When it comes to risk assessment, there's one type that humans are notoriously bad at: the very low-frequency but high-consequence risks and rewards. It's why so many of us are so eager to play the lottery, and simultaneously why we're catastrophically afraid of ebola and plane crashes.
Playing the lottery is a daydream that anyone can indulge in for the expenditure of a few dollars --- an impulse buy and a month's entertainment for the price of two rentals from the Red Box.
On 9 November 2005 a Boeing 777-200LR, dubbed the Worldliner, completed the world's longest non-stop passenger flight. It traveled 21,602 kilometres (11,664 nmi) eastward...from Hong Kong to London, in roughly 22 h 22 min
Ebola is simply a reminder of how quickly in the modern world a new and deadly infectious disease can spread beyond its origins. Replace West Africa with Central America and the Caribbean and see how you like the odds against containment.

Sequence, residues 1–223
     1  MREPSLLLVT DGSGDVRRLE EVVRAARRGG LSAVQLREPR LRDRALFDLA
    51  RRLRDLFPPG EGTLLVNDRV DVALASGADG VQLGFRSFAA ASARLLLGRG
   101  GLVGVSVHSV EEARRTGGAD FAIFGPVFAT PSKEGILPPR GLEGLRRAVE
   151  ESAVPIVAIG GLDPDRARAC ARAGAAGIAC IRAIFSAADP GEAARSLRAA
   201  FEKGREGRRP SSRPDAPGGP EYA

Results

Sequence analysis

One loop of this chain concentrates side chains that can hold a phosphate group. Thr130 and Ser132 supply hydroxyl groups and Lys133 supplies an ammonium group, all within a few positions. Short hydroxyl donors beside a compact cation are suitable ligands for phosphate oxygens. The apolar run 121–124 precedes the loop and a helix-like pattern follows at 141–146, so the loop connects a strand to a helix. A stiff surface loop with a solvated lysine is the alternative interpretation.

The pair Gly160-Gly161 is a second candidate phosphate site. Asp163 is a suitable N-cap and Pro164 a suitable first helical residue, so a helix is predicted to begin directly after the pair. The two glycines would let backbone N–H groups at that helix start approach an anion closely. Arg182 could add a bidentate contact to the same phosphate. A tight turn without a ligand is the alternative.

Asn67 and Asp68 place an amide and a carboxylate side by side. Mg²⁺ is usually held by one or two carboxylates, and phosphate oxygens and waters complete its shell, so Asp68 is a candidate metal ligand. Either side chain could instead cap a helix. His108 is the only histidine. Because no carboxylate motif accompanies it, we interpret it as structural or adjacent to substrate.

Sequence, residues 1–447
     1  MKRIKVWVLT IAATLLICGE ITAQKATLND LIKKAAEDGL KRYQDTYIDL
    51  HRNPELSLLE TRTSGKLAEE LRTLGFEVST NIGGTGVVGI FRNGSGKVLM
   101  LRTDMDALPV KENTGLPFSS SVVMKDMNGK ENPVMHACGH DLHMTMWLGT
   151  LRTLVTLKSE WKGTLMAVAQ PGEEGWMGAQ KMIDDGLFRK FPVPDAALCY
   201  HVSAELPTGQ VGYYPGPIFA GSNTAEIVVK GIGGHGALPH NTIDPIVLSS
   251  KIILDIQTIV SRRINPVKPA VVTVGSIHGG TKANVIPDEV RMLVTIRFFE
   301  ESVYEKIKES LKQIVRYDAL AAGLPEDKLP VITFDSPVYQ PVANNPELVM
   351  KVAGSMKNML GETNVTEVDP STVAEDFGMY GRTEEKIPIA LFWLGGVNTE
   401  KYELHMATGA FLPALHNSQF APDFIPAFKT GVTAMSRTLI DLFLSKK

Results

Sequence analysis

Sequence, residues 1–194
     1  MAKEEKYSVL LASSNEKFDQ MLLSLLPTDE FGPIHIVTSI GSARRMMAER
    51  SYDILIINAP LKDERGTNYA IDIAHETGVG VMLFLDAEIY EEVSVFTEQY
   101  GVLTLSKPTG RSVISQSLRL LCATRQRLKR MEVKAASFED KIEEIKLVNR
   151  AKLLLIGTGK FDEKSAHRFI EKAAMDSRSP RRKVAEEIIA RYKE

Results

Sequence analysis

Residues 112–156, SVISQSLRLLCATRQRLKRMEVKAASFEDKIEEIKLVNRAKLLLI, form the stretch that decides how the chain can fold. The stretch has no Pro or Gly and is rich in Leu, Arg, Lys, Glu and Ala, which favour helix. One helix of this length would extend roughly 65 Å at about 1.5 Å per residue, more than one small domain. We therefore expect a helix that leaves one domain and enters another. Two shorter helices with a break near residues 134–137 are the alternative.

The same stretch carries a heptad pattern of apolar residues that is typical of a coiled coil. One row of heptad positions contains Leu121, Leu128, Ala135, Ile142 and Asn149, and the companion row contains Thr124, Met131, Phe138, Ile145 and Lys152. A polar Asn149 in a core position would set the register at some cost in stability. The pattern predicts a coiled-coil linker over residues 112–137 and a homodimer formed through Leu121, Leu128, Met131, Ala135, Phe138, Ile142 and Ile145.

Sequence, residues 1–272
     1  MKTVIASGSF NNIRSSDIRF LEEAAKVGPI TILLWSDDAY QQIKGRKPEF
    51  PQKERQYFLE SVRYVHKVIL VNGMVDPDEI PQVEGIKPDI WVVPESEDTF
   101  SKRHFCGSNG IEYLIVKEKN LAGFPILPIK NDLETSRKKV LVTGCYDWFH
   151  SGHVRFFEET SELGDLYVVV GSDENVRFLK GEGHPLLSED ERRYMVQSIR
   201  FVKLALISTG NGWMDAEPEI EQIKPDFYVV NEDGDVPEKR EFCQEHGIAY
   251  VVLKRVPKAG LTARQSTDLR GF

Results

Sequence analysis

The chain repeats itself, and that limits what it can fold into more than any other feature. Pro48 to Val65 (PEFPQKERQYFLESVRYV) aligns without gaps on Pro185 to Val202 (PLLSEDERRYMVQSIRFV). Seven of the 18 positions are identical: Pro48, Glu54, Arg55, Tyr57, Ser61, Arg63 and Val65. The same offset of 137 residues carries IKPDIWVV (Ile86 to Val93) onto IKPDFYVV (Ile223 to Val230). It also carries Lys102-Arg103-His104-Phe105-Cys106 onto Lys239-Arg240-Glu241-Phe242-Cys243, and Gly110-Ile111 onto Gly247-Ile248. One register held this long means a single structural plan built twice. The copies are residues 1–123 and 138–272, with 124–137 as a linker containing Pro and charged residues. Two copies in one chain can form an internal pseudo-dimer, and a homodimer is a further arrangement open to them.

The geek is not particularly good at distinguishing between singular incidents that have a massive --- long term -- social impact beyond a simple count of the number of dead and dying and those with occur randomly on a small scale across an entire country or continent and which can be absorbed without much difficulty.